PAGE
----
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# Resolving Power

Resolving Power. Astrophysics Lesson 4. Learning Objectives. Resolving power; Appreciation of diffraction pattern produced by circular aperture, Airy disc Resolving power of telescope, Rayleigh criterion, . Resolving Power .

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## Resolving Power

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1. Resolving Power Astrophysics Lesson 4

2. Learning Objectives • Resolving power; Appreciation of diffraction pattern produced by circular aperture, Airy disc • Resolving power of telescope, Rayleigh criterion,

3. Resolving Power • The resolving power of any optical instrument is an indication of how good it is at distinguishing two objects close to one another.  • For example, at a long distance two car headlights appear as a single blob of light.

4. Angles in radians or degrees • There are 2π radians in a circle = 360°. • 1 radian is approximately 57° (180/π). • Degrees are subdivided into arc-minutes (1° = 60 arc-minutes [60']) • and arc-seconds (1' = 60 arc seconds [60'']) • So 1°=60'=3,600''

5. Angles in radians or degrees • Radians have the advantage that for small angles: • sin θ~ tan θ~θ • This makes trigonometrical functions easier.  However astronomers tend to use arc-seconds which are useful for describing very small areas of sky.

6. Question • The Moon has a diameter of about 3500 km and is about 400,000 km from the Earth.  • What is the angle in radians that the Moon subtends to an observer on the Earth? • What is this in degrees?

7. Answer • For small angles in radians, sin θ = tan θ = θ. • Angle of moon = 3500 km ÷ 400,000 km = 8.8 × 10-3 rad • 1 rad = 360/2π = 57.3° • Angle in degrees = 0.504° (= 30' 15'')

8. Question 3 • Entirely coincidentally the angle subtended by the Sun is exactly the same as the angle subtended by the Moon (think Solar Eclipse!).  The distance between the Earth and the Sun is 150 x 106 km. • What is the diameter of the Sun?

9. Answer 3 • For small angles in radians, sin q = tan q = q. • Angle of moon = 3500 km ÷ 400000 km = 8.8 x 10-3 rad • Diameter of the Sun = 150 x 106 km x 8.8 x 10-3 = 1.32 x 106 km

10. Diffraction Effects • When light enters a telescope, it is passing through a gap.  It spreads out by the process of diffraction.  • You will remember that when light passes through a single slit, dark and bright fringes are made.  • The resulting pattern is called a Fraunhofer Diffraction pattern:

11. Fraunhofer Diffraction Pattern

12. Circular Diffraction • Fraunhofer diffraction also occurs with circular openings.  If we use a circular aperture we get an effect like this:

13. The central bright spot is called an Airy Disc. • The physicist Lord Rayleigh studied the effect of overlapping of fringes and came up with the Rayleigh's Criterion.  The angular separation is given by the formula: • [θ - angular separation (rad); λ - wavelength (m); D - aperture width (m)]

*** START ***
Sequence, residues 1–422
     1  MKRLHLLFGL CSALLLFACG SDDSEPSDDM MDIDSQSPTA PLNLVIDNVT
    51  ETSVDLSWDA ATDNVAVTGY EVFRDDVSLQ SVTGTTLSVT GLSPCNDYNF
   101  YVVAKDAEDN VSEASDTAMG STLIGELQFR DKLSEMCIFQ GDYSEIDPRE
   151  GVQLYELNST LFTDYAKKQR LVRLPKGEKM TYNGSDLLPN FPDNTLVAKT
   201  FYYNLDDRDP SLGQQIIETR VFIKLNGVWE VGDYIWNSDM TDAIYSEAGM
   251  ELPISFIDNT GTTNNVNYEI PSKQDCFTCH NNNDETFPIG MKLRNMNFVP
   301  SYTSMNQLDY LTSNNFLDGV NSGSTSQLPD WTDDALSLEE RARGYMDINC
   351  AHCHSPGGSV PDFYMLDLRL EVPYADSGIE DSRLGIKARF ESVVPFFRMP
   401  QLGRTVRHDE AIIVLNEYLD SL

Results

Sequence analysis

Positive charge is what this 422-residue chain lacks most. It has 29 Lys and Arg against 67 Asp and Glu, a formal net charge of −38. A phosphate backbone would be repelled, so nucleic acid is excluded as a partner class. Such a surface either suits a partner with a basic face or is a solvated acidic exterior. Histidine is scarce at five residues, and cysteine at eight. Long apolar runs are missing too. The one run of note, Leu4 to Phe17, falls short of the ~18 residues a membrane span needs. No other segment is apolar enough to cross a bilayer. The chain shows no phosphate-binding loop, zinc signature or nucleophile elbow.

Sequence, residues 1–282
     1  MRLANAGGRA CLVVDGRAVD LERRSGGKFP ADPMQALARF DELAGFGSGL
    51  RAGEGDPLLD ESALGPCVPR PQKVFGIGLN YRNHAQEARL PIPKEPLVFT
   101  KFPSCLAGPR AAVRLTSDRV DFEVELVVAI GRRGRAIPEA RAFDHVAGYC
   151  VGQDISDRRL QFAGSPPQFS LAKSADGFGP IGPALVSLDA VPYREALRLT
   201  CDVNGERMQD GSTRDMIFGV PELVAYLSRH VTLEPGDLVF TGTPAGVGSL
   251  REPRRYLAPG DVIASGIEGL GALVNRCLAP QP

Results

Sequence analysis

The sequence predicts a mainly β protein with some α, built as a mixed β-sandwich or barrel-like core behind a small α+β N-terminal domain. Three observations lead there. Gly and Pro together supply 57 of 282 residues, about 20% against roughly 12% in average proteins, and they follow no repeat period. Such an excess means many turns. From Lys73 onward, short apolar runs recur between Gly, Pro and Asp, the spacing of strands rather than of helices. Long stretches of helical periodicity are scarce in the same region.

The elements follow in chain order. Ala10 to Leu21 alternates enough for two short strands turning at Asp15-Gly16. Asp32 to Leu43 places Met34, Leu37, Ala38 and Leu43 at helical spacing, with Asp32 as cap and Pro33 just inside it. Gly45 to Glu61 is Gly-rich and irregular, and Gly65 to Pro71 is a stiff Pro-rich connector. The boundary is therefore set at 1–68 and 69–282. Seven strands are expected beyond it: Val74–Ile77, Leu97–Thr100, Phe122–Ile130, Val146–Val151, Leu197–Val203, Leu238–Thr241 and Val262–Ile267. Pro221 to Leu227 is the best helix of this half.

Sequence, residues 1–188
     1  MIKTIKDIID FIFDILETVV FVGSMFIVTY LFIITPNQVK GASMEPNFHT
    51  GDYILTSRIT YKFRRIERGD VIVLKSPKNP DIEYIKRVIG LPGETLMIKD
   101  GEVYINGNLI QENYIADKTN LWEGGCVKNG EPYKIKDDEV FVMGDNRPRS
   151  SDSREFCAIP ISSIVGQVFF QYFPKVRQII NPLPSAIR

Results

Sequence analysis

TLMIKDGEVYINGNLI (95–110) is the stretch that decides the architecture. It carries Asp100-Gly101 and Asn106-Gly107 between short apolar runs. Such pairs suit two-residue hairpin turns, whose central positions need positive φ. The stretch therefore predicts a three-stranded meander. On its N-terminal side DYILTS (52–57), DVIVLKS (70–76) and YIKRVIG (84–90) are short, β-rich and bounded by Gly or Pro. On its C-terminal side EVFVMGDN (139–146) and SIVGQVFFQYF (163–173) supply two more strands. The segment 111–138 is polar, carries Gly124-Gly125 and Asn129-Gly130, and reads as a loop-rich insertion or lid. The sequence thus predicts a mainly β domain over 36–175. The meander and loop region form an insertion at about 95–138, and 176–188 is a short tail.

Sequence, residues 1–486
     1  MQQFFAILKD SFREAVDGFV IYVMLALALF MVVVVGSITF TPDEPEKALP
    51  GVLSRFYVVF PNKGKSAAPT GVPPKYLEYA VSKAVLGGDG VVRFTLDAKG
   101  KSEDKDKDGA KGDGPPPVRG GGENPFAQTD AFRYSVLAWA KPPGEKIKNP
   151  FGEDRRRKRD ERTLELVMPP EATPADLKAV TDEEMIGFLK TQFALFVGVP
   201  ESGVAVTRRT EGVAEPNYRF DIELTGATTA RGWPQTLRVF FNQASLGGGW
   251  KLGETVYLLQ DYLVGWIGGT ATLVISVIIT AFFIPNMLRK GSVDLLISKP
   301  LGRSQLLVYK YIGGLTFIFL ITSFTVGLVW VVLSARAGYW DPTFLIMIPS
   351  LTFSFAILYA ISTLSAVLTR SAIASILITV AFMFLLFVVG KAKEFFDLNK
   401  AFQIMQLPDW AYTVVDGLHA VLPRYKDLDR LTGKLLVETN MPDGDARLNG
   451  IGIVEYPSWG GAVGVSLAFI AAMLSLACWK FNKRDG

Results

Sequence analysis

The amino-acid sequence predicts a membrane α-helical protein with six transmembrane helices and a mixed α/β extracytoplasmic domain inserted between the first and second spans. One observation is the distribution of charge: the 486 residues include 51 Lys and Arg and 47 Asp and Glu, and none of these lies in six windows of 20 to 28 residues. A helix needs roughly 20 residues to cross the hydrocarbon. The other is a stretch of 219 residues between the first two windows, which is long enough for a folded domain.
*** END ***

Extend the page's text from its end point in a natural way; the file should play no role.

14. Calculation • Calculate the resolving power of a radio telescope using the diameter of the Earth. • Calculate the resolving power of your eye. • If headlights of car were about 5 km away, can we can tell that they are two separate lights?

15. This is because the eye can resolve down to an angle about 3 × 10-4 radians. • To improve the resolution of a telescope, we need to have a large aperture and a short wavelength.

16. Recap • Calculate the resolving power of a radio telescope using the diameter of the Earth. • Calculate the resolving power of your eye. • If headlights of car were about 5 km away, can we can tell that they are two separate lights?

17. Problems of Ground Based Telescopes • The observation of objects in space is made difficult because the atmosphere is turbulent.  This results in the twinkling or scintillation of stars.

18. Telescope Locations • Light pollution from street lights does not help either.  • Dust in the atmosphere causes scattering of light. • Major observatories have moved as far away as possible from cities and are situated on high mountains.  • Um, like Hawaii, Canary Islands, Mexico. Nice.

19. Or into space... • The best images of them all come from the Hubble Space Telescope (HST) which is in orbit above the Earth. • A Cassegrain instrument

20. Mars images using HST

21. Question What is the resolving power of a telescope of diameter 15 cm at a wavelength of 600 nm? Give your answer in arcseconds?

22. Answer Use θ = λ/D = 600 × 10-9 / 0.15 = 4 × 10-6 rad 1 radian = ((3600 × 180)/π) arcseconds 4 × 10-6 rad = 4 × 10-6 ((3600 × 180)/π) = 0.825''

23. In practice, although telescopes have much better resolution that the eye, this is limited by the atmosphere. Telescopes have large apertures to allow as much light to get in as possible.

24. Objectives (Spare) • Astronomical telescope consisting of two converging lenses • Ray diagram to show the image formation in normal adjustment • Angular magnification in normal adjustment • M =      angle subtended by image at eye •          angle subtended by object at  unaided eye     • Focal lengths of the lenses • M = fo/fe • Focal point of concave mirror, cassegrain arrangement. • Draw ray diagrams to show path of rays through the telescope.

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